Earth's ocean is a source of wonder, delight, sustenance, economic benefit, and awe in the face of its overwhelming mystery and power. It dominates the natural world in ways that scientists are only now beginning to understand. And although we call our home planet Earth, it would be more accurate to name it Ocean, since 71% of the globe is covered with water, and beneath the waves churn forces that make our world unique in the solar system:
- Along mid-ocean ridges, lava flows from Earth's interior, forming new oceanic crust and driving the formation and movement of continents via the crucial process of plate tectonics.
- The ocean's tremendous mass and thermal inertia serve as a climate control thermostat, moderating temperatures and making the planet habitable.
- Life began in the ocean and was exclusively marine for billions of years; we owe our oxygen-rich atmosphere to the photosynthetic activity of oceanic organisms.
But for all its importance, the ocean hides its secrets, and it is only with the advent of new sounding and sampling techniques, satellite sensors, and deep sea submersibles that its riddles are being solved, shedding light on a domain that is breathtaking in its complexity and beauty.
Oceanography: Exploring Earth's Final Wilderness takes you on a scientific expedition to fathom the ocean's mysteries in 36 intensively illustrated half-hour lectures delivered by ocean scientist and Professor Harold J. Tobin of the University of Wisconsin–Madison, a researcher who has visited and mapped landscapes on the seabed that no human eyes had ever seen before.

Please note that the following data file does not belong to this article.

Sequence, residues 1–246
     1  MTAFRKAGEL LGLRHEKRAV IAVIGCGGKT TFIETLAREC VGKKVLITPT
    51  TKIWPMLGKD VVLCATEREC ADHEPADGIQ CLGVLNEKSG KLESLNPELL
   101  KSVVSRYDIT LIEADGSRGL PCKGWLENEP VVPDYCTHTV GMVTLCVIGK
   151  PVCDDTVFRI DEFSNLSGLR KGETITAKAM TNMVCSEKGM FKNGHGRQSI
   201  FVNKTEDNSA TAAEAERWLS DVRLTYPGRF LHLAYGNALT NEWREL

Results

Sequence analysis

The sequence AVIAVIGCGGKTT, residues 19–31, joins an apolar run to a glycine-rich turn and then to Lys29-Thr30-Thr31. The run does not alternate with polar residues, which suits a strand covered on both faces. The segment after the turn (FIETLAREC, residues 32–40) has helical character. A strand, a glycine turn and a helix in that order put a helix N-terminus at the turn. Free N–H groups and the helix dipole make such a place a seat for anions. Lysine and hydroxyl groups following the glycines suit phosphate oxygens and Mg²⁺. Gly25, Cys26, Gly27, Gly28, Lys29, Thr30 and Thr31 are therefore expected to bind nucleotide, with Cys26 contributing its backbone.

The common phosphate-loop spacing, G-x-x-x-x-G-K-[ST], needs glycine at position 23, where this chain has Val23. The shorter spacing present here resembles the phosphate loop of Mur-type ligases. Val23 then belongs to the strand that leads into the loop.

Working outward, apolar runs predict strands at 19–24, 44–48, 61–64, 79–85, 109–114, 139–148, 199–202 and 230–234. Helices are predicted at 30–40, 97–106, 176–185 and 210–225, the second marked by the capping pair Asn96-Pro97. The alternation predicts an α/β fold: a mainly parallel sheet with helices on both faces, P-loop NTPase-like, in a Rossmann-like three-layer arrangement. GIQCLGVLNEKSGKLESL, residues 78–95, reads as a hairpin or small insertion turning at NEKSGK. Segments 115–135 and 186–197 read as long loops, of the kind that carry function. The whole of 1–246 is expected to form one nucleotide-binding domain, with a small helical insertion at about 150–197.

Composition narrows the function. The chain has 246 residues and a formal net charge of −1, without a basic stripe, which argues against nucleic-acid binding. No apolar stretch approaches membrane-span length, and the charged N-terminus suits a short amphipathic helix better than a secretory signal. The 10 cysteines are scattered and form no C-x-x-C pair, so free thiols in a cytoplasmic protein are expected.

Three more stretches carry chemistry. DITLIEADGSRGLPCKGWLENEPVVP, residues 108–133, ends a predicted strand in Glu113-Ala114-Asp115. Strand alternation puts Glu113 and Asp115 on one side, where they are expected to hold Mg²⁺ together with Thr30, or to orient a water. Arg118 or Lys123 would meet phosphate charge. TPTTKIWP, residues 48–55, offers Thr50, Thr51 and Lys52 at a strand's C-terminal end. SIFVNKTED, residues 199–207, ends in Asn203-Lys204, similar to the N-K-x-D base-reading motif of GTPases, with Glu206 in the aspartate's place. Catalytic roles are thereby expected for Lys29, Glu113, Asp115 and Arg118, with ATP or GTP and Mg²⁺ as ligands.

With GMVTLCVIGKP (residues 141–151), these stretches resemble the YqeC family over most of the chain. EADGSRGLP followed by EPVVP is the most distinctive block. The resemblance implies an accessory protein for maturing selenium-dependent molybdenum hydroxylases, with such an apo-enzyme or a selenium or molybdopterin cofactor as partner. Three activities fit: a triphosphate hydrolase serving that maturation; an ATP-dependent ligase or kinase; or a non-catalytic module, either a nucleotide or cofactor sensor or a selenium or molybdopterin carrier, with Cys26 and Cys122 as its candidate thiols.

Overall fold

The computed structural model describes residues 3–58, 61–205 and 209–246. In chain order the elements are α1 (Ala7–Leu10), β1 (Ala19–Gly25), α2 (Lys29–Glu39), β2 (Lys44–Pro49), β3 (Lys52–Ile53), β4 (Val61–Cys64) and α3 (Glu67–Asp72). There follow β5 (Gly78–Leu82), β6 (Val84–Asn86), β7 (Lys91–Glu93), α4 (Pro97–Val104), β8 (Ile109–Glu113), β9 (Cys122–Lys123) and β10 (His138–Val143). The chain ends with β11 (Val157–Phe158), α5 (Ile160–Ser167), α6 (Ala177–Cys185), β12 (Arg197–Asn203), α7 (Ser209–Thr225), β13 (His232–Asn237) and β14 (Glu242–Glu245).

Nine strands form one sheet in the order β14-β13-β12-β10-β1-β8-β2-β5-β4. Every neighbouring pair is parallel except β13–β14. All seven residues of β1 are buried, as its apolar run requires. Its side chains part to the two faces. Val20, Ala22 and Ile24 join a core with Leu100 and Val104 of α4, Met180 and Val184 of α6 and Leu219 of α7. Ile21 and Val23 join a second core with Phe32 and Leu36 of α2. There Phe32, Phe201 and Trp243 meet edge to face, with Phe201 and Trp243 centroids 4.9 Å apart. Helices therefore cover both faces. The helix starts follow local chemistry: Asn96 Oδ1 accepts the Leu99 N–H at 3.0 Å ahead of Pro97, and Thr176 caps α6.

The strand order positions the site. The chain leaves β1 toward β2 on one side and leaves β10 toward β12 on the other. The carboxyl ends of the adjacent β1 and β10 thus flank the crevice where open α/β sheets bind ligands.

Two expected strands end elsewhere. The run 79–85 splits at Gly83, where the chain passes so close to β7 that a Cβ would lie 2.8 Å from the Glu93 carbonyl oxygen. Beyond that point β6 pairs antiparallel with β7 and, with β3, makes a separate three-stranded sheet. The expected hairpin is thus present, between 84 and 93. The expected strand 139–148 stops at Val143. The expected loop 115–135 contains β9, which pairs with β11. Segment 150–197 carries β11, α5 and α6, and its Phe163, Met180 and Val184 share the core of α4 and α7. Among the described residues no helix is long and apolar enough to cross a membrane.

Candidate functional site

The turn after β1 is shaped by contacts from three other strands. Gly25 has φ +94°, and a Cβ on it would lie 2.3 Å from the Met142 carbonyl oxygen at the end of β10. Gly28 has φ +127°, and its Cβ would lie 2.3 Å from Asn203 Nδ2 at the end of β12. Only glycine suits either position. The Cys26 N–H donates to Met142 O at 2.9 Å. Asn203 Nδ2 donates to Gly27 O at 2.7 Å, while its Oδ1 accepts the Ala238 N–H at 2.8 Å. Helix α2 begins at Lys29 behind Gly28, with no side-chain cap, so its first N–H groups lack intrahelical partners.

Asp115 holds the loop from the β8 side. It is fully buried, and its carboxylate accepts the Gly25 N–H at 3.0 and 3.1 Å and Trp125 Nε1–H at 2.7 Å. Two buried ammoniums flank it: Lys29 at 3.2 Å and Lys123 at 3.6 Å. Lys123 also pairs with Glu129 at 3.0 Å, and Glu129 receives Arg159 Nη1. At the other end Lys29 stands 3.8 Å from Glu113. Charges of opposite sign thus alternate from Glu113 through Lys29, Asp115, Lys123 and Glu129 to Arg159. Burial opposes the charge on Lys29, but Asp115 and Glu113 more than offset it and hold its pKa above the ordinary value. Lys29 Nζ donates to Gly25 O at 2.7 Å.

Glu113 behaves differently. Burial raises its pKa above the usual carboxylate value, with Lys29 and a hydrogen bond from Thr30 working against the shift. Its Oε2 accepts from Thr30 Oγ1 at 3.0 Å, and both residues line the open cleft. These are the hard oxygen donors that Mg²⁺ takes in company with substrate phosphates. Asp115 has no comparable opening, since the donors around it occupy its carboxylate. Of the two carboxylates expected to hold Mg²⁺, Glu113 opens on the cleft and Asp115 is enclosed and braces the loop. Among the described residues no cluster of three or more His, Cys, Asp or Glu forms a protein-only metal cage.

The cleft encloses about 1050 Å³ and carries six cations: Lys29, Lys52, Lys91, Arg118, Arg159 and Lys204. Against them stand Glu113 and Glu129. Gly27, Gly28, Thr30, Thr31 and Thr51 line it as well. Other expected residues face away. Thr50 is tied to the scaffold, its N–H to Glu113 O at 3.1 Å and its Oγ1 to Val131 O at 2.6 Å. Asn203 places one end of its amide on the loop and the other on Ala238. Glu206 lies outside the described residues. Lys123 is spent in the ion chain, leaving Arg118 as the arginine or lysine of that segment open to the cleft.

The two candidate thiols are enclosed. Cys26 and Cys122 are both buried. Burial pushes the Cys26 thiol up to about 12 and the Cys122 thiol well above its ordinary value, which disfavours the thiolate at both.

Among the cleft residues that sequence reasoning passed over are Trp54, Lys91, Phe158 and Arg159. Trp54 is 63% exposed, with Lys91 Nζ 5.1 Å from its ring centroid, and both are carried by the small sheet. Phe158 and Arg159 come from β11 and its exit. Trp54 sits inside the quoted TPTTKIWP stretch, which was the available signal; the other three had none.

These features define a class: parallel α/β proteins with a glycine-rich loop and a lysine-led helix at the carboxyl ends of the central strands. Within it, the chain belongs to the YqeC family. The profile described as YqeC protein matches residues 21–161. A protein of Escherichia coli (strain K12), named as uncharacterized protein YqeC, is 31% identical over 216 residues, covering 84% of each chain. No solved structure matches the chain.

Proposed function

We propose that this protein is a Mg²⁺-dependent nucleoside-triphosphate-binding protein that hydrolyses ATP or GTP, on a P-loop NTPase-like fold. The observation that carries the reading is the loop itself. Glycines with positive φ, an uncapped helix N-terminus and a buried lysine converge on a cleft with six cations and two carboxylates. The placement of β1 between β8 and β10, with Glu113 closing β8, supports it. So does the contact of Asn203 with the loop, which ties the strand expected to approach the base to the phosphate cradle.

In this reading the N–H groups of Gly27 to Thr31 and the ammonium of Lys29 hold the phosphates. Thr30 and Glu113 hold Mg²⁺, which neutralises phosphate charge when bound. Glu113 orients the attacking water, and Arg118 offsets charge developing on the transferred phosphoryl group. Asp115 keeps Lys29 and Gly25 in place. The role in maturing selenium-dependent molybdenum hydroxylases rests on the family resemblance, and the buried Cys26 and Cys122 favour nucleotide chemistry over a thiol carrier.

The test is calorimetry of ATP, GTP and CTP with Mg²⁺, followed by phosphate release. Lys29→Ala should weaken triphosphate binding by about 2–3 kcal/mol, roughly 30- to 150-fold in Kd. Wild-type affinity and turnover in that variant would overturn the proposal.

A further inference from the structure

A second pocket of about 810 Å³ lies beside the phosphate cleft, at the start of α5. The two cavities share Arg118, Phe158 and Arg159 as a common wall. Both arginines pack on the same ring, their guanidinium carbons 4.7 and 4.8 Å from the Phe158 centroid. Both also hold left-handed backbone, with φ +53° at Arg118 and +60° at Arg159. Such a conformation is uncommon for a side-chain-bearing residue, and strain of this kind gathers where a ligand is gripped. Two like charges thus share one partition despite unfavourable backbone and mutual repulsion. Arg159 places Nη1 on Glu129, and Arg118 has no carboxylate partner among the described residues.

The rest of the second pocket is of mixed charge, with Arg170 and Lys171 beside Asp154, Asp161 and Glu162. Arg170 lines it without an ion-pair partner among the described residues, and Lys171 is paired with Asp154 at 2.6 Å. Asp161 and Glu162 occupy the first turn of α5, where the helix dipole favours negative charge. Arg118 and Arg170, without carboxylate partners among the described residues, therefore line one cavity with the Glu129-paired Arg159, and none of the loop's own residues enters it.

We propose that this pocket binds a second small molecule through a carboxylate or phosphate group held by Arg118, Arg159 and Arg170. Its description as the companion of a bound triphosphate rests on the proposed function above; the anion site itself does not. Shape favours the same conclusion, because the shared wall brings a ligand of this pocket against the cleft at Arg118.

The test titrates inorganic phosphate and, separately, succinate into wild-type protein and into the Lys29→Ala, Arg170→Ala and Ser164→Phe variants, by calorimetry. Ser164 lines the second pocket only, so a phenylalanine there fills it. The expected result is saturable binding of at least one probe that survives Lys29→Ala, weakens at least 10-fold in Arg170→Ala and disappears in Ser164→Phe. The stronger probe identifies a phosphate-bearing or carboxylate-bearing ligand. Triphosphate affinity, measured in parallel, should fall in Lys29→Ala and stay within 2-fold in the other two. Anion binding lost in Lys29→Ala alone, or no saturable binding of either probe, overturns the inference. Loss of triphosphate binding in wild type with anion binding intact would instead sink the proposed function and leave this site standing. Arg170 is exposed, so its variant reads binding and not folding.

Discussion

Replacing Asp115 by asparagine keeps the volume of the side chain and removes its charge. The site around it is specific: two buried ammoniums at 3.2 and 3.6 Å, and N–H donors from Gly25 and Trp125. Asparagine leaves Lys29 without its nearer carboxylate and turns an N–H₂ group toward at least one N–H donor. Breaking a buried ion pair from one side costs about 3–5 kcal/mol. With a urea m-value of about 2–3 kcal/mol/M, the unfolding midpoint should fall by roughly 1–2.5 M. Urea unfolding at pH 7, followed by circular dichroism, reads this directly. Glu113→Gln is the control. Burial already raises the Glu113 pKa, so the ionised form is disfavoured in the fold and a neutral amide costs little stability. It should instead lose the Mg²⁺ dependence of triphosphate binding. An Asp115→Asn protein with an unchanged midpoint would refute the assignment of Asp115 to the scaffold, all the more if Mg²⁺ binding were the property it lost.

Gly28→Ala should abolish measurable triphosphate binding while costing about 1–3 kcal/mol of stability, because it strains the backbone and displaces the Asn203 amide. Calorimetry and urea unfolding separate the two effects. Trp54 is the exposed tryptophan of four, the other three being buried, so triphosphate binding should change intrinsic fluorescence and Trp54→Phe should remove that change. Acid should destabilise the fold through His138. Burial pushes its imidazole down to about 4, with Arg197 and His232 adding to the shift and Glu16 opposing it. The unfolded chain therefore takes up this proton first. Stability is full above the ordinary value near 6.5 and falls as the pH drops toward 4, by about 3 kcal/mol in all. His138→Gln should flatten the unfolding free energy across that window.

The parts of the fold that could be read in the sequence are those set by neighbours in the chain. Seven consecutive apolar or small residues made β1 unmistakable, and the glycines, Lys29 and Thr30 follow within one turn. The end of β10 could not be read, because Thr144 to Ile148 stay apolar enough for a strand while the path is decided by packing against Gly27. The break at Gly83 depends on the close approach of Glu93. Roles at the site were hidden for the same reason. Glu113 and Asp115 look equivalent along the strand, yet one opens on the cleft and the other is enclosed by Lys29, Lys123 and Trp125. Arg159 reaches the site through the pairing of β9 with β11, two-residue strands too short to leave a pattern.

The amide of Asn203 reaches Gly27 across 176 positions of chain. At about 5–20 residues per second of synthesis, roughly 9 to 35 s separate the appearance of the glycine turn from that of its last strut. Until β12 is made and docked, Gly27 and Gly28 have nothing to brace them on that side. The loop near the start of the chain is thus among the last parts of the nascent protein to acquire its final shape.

Oceanography encompasses a wide range of fields, from biology and ecology, to geology, meteorology, chemistry, physics, and ocean engineering. No background in science is needed to follow these lectures, which provide a thorough appreciation for the ocean as a system that is arguably more intricate and fascinating than the continents, not least because it is a world that is fully three-dimensional, from the tidal zone to the deepest point on the ocean floor.
Piecing Together the Puzzle of the Ocean
Professor Tobin compares the exciting discoveries in oceanography in the past half-century to the exploration of a previously unknown planet. Scientists have been amazed again and again at what they've learned about the world beneath the waves. In these compelling lectures, you relive those discoveries, assembling the many pieces of the puzzle to gain a comprehensive picture of how the ocean works and how it affects the atmosphere, continents, and the web of life.
Among the discoveries you learn about are these:
- New crust: Geologists once assumed that the ocean was a catch basin for sediments accumulating almost since Earth began. Instead, the seafloor is in a continual process of renewal and has the youngest rocks on the planet, far younger than rocks on land or even the water in the ocean itself.
- Alien-like organisms: Biologists long believed that life could not exist at great depths. But not only does it exist, it flourishes in the utter darkness, cold, and high pressure of the deep sea in fantastic forms fit for a science fiction movie.
- Living off Earth: Until recently, all life on Earth could be traced to photosynthetic processes drawing energy from the sun. But that was before the discovery of deep sea thermal vents, where organisms thrive on the primordial energy of the planet.
- Rogue waves: Accounts of 100-foot-high "rogue" waves in the open ocean were long dismissed as physically impossible sailors' yarns. However, satellite and other measurements show that they occur and account for many ships that go missing.
Above all, you will learn to see the ocean as a single entity of striking complexity. Despite the names we have assigned to different regions of the ocean—Atlantic, Pacific, Indian, Arctic—they are all one continuous body of water, dominating the planet with features such as mid-ocean ridges that encircle the globe like the seams on a baseball.